The question of whether breach of an insurer's duty to defend precludes the insurer from asserting a defense to indemnity involves different approaches and interests. Other states have decided this public interest question differently. See 22 Eric Mills Holmes, Holmes' Appleman on Insurance § 136.8, at 56 (2d ed. 2003) (“Another consequence of the insurer's refusal to defend [in some states] is that the insurer may be estopped from denying coverage under the indemnification provisions of the policy. Thus when the insurer refuses to defend, it is bound by the judgment entered against the insured.”). The cases expressing that different policy cited in the treatise are often based on the estoppel theory. See, e.g., Aetna Cas. & Sur. Co. v. Coronet Ins. Co., 44 Ill.App.3d 744, 3 Ill.Dec. 371, 358 N.E.2d 914, 917 (1976).
But Maine has expressly rejected that theory of waiver or estoppel. Elliott, 711 A.2d at 1313. Rather, Maine has adopted the view that an insurer who has wrongfully refused to defend is in breach of contract and is subject to contractual remedies for the breach. Id.
The rub is what the Maine Law Court meant when it said in Elliott that the insurer “is also bound by the default judgment as to any factual issues that might have been litigated in the underlying negligence action.” Id. at 1314. Elliott cites to Marston, which said, “[A]t least ․ in any action in which there is an allegation in the complaint which would establish liability within the coverage of the policy even though there are other allegations as to liability outside the coverage of the policy, a general verdict with no special findings of fact is binding on the insurer as to its liability under the insurance policy.” Marston, 319 A.2d at 114. Both Elliott and Marston, unlike the case here, involved default judgments entered below.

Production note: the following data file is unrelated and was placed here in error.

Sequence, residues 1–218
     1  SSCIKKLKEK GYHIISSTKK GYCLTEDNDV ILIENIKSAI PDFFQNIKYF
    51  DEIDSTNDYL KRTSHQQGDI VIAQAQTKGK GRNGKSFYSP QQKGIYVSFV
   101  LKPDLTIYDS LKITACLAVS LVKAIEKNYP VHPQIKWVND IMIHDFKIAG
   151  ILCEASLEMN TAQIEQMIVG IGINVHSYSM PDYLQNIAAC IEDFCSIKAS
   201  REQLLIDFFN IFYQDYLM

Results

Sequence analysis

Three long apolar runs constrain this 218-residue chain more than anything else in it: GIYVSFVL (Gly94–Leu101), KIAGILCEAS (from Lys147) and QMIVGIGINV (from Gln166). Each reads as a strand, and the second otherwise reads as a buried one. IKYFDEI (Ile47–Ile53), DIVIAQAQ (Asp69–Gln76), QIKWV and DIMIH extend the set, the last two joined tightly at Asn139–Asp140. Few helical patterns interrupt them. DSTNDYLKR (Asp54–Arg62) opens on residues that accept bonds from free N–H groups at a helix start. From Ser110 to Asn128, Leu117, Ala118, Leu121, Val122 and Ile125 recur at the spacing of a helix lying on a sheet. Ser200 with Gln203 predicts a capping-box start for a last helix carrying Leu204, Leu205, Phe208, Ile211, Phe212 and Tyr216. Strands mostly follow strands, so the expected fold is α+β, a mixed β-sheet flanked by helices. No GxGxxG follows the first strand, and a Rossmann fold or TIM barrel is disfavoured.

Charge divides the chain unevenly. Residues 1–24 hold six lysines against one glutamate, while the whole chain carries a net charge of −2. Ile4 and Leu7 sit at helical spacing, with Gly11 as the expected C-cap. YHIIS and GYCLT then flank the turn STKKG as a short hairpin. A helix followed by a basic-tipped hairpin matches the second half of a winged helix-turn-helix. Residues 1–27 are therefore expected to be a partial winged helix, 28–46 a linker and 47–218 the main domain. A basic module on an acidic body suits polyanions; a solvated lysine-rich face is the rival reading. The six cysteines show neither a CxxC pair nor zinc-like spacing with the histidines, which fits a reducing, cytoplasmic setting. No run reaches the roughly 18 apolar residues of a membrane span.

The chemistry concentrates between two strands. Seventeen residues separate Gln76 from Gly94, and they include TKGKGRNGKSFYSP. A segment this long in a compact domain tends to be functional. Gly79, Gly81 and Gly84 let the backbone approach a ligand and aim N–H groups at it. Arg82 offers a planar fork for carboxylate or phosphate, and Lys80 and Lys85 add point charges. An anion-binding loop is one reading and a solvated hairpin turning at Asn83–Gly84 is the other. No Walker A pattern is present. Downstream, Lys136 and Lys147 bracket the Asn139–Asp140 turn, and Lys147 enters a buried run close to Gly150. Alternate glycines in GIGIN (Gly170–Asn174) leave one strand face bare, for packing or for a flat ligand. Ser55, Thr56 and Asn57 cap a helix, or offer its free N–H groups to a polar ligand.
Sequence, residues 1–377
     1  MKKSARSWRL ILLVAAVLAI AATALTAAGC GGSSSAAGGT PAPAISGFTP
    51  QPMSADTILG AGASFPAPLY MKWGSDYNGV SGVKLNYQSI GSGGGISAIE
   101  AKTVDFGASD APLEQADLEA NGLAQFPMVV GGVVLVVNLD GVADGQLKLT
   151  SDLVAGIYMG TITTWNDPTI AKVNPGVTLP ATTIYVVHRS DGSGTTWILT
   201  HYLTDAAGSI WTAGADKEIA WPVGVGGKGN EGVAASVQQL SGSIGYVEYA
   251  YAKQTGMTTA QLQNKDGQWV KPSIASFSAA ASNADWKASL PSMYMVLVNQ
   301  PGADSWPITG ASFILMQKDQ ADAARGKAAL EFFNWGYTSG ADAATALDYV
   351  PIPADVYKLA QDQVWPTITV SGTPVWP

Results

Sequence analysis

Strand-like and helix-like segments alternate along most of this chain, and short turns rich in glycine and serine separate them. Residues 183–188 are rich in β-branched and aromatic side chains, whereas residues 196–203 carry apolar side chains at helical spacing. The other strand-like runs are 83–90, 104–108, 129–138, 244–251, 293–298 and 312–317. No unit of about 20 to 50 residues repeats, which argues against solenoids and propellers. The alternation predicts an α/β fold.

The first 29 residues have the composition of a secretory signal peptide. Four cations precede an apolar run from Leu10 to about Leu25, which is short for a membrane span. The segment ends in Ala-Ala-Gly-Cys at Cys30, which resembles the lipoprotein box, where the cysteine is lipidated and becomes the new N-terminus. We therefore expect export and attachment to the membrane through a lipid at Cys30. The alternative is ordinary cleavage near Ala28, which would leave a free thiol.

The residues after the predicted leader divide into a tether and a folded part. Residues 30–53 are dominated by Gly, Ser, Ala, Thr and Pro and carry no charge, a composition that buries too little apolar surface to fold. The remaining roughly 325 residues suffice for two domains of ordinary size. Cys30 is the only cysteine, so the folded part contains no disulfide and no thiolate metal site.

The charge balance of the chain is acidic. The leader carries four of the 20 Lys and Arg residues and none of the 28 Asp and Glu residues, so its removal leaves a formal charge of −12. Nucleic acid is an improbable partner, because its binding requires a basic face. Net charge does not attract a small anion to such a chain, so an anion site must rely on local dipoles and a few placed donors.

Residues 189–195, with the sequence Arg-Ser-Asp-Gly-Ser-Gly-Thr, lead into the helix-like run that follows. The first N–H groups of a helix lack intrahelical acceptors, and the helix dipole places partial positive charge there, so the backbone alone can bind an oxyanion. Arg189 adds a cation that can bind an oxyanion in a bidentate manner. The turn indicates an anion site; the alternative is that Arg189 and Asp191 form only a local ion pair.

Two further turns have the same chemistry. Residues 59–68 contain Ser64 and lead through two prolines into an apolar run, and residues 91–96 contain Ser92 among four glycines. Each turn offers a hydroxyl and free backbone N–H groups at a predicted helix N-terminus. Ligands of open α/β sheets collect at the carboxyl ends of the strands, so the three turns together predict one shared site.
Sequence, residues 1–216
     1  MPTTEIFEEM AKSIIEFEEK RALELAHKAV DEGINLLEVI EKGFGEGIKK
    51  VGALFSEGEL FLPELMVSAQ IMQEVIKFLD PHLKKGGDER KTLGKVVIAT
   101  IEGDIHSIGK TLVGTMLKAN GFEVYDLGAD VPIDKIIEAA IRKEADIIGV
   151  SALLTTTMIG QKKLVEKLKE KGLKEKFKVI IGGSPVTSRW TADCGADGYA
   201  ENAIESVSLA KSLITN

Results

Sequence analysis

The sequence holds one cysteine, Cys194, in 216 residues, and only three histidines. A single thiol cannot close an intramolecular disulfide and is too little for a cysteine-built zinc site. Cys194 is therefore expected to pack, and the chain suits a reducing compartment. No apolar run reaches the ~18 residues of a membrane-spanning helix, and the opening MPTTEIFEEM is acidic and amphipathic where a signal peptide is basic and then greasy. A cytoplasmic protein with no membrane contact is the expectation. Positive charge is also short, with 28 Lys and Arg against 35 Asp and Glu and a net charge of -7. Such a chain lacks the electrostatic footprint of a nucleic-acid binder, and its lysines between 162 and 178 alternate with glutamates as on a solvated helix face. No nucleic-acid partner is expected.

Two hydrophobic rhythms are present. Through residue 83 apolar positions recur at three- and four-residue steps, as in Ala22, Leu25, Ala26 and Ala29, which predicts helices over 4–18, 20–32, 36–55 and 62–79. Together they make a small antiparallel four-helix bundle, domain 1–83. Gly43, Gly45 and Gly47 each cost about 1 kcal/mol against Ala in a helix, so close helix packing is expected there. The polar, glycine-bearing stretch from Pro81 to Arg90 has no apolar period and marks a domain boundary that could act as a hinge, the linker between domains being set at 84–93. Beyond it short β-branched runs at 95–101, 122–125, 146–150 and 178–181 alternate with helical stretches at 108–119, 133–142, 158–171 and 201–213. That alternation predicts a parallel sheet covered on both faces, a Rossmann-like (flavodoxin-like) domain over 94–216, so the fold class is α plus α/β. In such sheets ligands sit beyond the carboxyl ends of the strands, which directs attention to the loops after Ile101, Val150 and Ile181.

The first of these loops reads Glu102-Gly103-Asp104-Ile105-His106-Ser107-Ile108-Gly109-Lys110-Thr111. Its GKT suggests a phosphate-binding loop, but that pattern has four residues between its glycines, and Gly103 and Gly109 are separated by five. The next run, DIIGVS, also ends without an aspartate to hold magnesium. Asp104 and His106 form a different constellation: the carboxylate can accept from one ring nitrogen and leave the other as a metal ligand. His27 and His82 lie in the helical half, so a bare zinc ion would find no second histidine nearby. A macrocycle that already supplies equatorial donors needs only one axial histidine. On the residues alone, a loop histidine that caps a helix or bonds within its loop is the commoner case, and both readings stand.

Bucci seizes on this language from Elliott to argue that Essex could have raised its exclusion argument based on the battery in the underlying case between Bucci and The Industry, and because it failed to do so, it is now precluded from doing so. Given the complexity of the law in this area and the statement in Elliott that an insurer which is in breach of its duty to defend is not precluded from asserting noncoverage as a defense to an indemnity action, Elliott, 711 A.2d at 1313, we very much doubt the sentence in question can be read in the way Bucci urges. The area of law concerning the preclusive effect on an insurer in breach of its duty to defend is complicated, and the Maine Law Court has not been presented with cases which have permitted it to resolve the complexities.